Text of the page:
Now, Jesus took the matzo and said “Eat it,” then after the meal he took the Cup of Blessing and said “All of you, drink it.” Christians throughout the centuries, and all around the world, have done just that: they’ve eaten the bread and they’ve drunk the wine. Then someone decided–why?–to dip the bread in the wine, which is not really following either one of the instructions of the Host of this meal. He says to eat it, and we don’t. He says to drink the wine, and instead we take the bread that we didn’t eat when he said to eat it, dip it in the wine, and then eat the wine-coated bread, which is not the same as eating the bread and then drinking the wine. Why? Just to be different?
2. Those who are practicing intinction may be doing so in an effort to provide the symbolism of the common cup while at the same time trying to mollify the more squeamish in their midst who wouldn’t want to drink from a common cup. Mission not accomplished: self-intinction is the most unhygienic means of distributing Communion: more so than drinking from the common cup. I Corinthians 10 puts more emphasis one one loaf than one cup, anyway: “Because there is one loaf, we, many as we are, are one body, for it is one loaf of which we all partake.” Churches that practice self-intinction rarely, if ever, use a single loaf of bread: they use wafers, which are every bit as individualistic as the “wee cuppees” which they deem inferior to the common cup. Furthermore, those wafers are barely recognizable as bread.
3. If the trend of self-intinction comes from a desire for greater catholicity; i.e., if there is an idea out there that “the Episcopalians and Catholics do it this way,” they don’t, as has already been noted. There are some Catholic parishes where communicants do this and the priests don’t stop them, but it is against church law. Some Episcopal bishops allow intinction but for the most part in the Anglican Communion it is either disallowed or at least discouraged.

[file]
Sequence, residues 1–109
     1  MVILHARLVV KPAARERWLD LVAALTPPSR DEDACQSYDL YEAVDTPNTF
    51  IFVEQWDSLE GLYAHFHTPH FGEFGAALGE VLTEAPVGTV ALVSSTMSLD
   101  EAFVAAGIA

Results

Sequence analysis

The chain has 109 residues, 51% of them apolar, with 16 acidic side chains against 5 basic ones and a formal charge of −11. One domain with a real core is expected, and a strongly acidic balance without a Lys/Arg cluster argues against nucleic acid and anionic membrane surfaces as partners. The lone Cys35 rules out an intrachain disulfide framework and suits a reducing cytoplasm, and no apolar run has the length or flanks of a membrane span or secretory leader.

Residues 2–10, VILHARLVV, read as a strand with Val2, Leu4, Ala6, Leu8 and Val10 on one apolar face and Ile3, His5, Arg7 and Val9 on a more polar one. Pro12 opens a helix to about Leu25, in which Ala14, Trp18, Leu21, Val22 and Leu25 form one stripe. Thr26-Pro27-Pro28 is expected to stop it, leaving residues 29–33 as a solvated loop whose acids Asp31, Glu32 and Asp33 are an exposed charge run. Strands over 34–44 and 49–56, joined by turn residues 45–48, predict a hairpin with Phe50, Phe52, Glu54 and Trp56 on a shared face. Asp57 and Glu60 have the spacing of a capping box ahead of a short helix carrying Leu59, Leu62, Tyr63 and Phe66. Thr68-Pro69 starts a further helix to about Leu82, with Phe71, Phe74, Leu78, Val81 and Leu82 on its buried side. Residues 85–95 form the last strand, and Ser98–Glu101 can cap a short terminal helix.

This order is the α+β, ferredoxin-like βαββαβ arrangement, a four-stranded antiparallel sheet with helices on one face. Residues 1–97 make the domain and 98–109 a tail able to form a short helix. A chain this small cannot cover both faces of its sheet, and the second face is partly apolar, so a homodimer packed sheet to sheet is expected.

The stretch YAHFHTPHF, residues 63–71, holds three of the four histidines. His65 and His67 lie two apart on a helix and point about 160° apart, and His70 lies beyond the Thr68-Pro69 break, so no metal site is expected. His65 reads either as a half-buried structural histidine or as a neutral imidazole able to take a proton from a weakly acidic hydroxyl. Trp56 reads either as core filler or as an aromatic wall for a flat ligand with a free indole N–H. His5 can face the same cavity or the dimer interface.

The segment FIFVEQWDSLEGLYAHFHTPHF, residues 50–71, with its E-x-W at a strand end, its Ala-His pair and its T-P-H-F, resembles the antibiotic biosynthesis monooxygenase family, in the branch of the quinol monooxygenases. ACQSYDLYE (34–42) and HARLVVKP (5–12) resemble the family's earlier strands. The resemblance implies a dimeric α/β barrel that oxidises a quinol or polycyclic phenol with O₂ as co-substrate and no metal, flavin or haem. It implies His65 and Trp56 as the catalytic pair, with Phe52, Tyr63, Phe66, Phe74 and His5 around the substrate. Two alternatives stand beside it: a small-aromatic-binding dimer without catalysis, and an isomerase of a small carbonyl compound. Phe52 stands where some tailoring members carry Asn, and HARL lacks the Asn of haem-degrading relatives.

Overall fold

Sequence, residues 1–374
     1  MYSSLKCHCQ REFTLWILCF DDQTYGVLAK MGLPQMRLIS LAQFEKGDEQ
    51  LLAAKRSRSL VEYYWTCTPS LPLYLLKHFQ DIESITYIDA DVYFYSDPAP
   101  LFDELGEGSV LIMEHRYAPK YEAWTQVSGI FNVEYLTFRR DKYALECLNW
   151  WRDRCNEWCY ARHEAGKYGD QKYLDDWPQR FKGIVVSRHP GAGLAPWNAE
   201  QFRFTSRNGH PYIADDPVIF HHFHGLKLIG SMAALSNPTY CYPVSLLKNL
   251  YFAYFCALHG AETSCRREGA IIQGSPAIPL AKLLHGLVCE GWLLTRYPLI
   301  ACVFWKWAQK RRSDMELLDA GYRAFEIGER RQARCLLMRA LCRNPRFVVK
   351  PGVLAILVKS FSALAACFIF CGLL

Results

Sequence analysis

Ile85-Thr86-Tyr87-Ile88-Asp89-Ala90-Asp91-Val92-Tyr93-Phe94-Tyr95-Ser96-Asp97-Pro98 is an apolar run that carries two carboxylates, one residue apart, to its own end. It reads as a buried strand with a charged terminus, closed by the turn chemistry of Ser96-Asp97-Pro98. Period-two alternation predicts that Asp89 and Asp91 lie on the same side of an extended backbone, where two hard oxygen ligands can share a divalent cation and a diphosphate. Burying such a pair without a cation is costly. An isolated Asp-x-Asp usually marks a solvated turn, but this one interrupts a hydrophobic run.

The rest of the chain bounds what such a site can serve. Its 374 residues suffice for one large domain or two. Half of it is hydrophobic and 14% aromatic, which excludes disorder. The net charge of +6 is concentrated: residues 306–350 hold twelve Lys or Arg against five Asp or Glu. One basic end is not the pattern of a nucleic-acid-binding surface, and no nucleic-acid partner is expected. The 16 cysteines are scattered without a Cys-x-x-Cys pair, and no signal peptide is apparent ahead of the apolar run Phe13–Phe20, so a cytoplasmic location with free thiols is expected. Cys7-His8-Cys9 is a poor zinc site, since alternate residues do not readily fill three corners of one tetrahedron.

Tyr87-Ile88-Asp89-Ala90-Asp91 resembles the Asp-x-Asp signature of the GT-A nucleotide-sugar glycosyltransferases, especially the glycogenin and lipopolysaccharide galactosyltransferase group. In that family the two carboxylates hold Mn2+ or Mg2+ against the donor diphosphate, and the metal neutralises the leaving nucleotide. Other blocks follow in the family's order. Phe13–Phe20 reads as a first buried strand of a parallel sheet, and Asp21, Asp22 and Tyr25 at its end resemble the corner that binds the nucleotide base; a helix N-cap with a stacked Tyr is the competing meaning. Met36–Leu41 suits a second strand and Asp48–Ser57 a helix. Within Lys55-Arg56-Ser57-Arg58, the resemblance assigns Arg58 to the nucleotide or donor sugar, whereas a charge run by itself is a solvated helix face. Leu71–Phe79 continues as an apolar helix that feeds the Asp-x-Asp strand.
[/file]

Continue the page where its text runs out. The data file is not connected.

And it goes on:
4. If there is a desire that people come forward for Communion rather than passing the bread and wine among the congregation (as is the practice of most Presbyterian congregations), why not just drink from the common cup? That is a question I have been asking ever since I heard people in the PCA talking about this. Why not just drink from the common cup? If it’s the “ick” factor, as I mentioned above, self-intinction is less hygienic than drinking from the common cup, not more hygienic. If someone has a real problem with the common cup, they can commune in one kind (bread only). Or you can use the individual cups. Back to the Seder: everyone has his or her own cup of wine as a part of the place setting: when we say we all drink of the First Cup, or the Second Cup, etc., that does not mean that we literally must share a single cup. “Join me for a drink” doesn’t mean we have to share a glass. Individual cups do not necessarily have to take away from our oneness in sharing in the wine.
Theologically, practically, symbolically, logistically, hygienically, liturgically: I cannot think of a good reason for PCA churches adopting intinction. And again, it is surprising that a denomination which requires its ministers and elders to confess a belief in biblical inerrancy would embrace a practice which doesn’t seem to me to square with an inerrantist view.